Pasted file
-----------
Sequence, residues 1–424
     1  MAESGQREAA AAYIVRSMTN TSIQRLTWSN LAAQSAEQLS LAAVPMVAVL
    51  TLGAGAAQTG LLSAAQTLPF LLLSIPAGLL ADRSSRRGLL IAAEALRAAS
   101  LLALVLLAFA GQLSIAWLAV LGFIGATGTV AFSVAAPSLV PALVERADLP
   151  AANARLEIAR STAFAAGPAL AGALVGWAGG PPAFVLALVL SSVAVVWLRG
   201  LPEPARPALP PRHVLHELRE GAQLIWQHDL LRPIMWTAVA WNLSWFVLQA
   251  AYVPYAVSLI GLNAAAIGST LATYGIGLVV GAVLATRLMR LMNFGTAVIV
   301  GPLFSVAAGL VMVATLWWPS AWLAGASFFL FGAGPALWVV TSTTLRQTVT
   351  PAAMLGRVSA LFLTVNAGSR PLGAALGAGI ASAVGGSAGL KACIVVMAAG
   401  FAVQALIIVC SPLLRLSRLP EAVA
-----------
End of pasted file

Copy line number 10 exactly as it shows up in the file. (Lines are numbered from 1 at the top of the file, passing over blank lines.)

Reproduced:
   401  FAVQALIIVC SPLLRLSRLP EAVA